OCPP’s 5 biggest stories of 2018

Commentary Photo by Tammi Harper

Photo by Tammi Harper

December 18, 2018By Juan Carlos Ordóñez

As 2018 draws to a close, we look back at the Center’s publications that proved most popular. Here they are, listed in reverse order:

#5. 6 things to keep in mind about Oregon taxes

A fair and effective tax system is essential to creating an Oregon where everyone has a real opportunity to thrive. So it was good to see Oregonians take a deep interest in our piece summarizing the good and the bad of Oregon’s tax system.

#4. OCPP's 2018 Voter Guide

Four measures on the November ballot threatened the well-being of Oregonians — further rigging the tax system in favor of corporations and special interests, making life more difficult for immigrant Oregonians, and restricting access to health care. Only one measure made sense, helping Oregon confront the housing crisis. Our 2018 Voter Guide proved popular with the public, and we’re glad to say that Oregon voters agreed with every one of our recommendations.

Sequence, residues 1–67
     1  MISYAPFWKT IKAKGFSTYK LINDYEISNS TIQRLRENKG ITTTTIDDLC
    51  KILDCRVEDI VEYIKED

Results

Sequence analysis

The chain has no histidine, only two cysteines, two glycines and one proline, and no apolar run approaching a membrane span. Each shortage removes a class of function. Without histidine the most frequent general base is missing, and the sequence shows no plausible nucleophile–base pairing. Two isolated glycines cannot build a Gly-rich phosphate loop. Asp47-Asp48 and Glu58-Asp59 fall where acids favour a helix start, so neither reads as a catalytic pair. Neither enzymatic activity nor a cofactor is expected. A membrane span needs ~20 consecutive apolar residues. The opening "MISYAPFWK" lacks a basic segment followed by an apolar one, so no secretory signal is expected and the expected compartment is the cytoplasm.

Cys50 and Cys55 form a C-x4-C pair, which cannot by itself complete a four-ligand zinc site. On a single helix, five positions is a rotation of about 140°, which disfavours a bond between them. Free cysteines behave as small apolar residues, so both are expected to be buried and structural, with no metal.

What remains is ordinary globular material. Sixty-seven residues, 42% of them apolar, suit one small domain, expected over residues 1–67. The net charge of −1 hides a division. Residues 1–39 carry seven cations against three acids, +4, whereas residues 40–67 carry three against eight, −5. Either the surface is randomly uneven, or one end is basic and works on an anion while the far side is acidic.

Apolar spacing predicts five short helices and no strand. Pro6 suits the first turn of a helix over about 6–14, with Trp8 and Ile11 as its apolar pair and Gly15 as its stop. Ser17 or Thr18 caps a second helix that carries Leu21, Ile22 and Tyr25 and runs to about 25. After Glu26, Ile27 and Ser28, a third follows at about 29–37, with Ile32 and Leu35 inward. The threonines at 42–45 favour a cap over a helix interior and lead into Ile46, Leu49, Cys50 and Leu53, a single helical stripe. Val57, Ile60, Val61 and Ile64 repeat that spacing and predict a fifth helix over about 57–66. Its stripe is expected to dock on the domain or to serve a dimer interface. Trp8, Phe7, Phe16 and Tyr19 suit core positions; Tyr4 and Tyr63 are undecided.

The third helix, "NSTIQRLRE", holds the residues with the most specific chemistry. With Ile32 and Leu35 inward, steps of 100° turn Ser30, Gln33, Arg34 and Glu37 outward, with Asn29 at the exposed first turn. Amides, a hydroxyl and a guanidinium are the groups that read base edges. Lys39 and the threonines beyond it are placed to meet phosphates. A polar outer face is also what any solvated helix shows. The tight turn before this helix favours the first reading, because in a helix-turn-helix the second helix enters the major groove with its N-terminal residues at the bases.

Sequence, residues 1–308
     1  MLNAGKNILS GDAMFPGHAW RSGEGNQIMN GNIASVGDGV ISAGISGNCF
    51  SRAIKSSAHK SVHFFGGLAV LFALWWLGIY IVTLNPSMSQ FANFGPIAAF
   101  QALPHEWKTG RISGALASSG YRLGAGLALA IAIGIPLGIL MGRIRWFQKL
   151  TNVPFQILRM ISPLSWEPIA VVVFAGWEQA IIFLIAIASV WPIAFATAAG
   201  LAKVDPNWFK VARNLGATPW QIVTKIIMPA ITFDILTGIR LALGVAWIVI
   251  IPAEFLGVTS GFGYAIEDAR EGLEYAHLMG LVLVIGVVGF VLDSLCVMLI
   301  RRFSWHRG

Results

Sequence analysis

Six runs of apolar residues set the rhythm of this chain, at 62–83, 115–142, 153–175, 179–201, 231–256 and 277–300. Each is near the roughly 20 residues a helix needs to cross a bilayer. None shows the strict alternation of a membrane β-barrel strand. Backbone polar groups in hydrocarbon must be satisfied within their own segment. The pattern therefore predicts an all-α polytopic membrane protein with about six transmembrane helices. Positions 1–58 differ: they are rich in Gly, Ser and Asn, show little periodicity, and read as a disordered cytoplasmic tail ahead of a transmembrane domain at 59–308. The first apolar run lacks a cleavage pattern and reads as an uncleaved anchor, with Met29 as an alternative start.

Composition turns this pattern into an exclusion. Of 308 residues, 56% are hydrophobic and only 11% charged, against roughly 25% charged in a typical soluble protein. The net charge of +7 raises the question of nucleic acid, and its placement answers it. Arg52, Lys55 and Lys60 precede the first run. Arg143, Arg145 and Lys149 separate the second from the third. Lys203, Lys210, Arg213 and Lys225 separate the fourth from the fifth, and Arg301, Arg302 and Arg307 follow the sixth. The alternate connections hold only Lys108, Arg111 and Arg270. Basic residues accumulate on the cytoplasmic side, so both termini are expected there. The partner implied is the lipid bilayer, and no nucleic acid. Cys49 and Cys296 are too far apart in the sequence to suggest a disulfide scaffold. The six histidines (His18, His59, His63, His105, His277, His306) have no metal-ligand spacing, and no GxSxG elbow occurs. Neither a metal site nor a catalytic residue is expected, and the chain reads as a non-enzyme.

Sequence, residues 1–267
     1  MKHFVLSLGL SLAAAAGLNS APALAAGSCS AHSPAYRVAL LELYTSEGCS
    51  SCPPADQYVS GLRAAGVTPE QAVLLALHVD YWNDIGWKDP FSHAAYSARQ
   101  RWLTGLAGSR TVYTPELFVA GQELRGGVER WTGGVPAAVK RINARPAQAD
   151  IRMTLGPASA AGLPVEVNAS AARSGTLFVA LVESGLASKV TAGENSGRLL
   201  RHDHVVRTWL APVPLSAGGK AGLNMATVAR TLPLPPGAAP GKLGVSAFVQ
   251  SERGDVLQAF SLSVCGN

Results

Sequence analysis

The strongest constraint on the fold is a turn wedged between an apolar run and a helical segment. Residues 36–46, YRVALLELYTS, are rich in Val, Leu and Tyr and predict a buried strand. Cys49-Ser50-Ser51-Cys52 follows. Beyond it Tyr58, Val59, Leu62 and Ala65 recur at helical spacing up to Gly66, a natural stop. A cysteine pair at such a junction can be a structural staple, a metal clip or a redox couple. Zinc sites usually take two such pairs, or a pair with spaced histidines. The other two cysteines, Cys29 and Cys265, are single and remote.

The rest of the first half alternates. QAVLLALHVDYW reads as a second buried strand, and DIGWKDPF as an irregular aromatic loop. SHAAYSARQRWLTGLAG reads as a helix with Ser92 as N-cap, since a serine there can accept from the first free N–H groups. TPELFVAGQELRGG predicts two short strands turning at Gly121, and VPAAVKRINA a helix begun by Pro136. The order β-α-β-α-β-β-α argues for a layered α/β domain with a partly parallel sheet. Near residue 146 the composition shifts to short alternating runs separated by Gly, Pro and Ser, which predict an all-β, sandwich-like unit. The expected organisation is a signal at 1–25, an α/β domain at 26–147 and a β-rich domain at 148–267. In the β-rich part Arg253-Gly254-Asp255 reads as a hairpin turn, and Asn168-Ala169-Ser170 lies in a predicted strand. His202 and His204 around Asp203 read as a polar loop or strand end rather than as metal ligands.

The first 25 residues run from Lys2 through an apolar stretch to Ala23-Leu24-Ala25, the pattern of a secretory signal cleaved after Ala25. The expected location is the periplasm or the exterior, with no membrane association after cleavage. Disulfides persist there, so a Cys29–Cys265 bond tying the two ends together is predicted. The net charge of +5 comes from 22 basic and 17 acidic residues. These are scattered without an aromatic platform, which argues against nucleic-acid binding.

#3. Undoing the legacy of racism through better tax policy

As a state and nation, we still have much work to do to create a just and equitable society. A recent commentary by the Center explained that the legacy of tax and budget policies rooted in a deeply racist past continues to be felt in the present. We are heartened to see the interest our commentary generated.

#2. Two questions about Measure 101 keep coming up. Here are the answers.

The year started off with a bang, with Oregon voters overwhelmingly approving funding for health care. In the lead up to the vote, we kept our ear to the ground, to see what questions Oregonians had regarding Measure 101. This commentary cleared up several recurring issues.

#1. Oregon Teachers are Underpaid

The Center’s groundbreaking report showed that Oregon public school teachers earn significantly less than comparable workers in the private sector, even after accounting for benefits such as PERS. Released on the heels of teacher strikes in neighboring Washington, the Center’s paper made headlines across the state.

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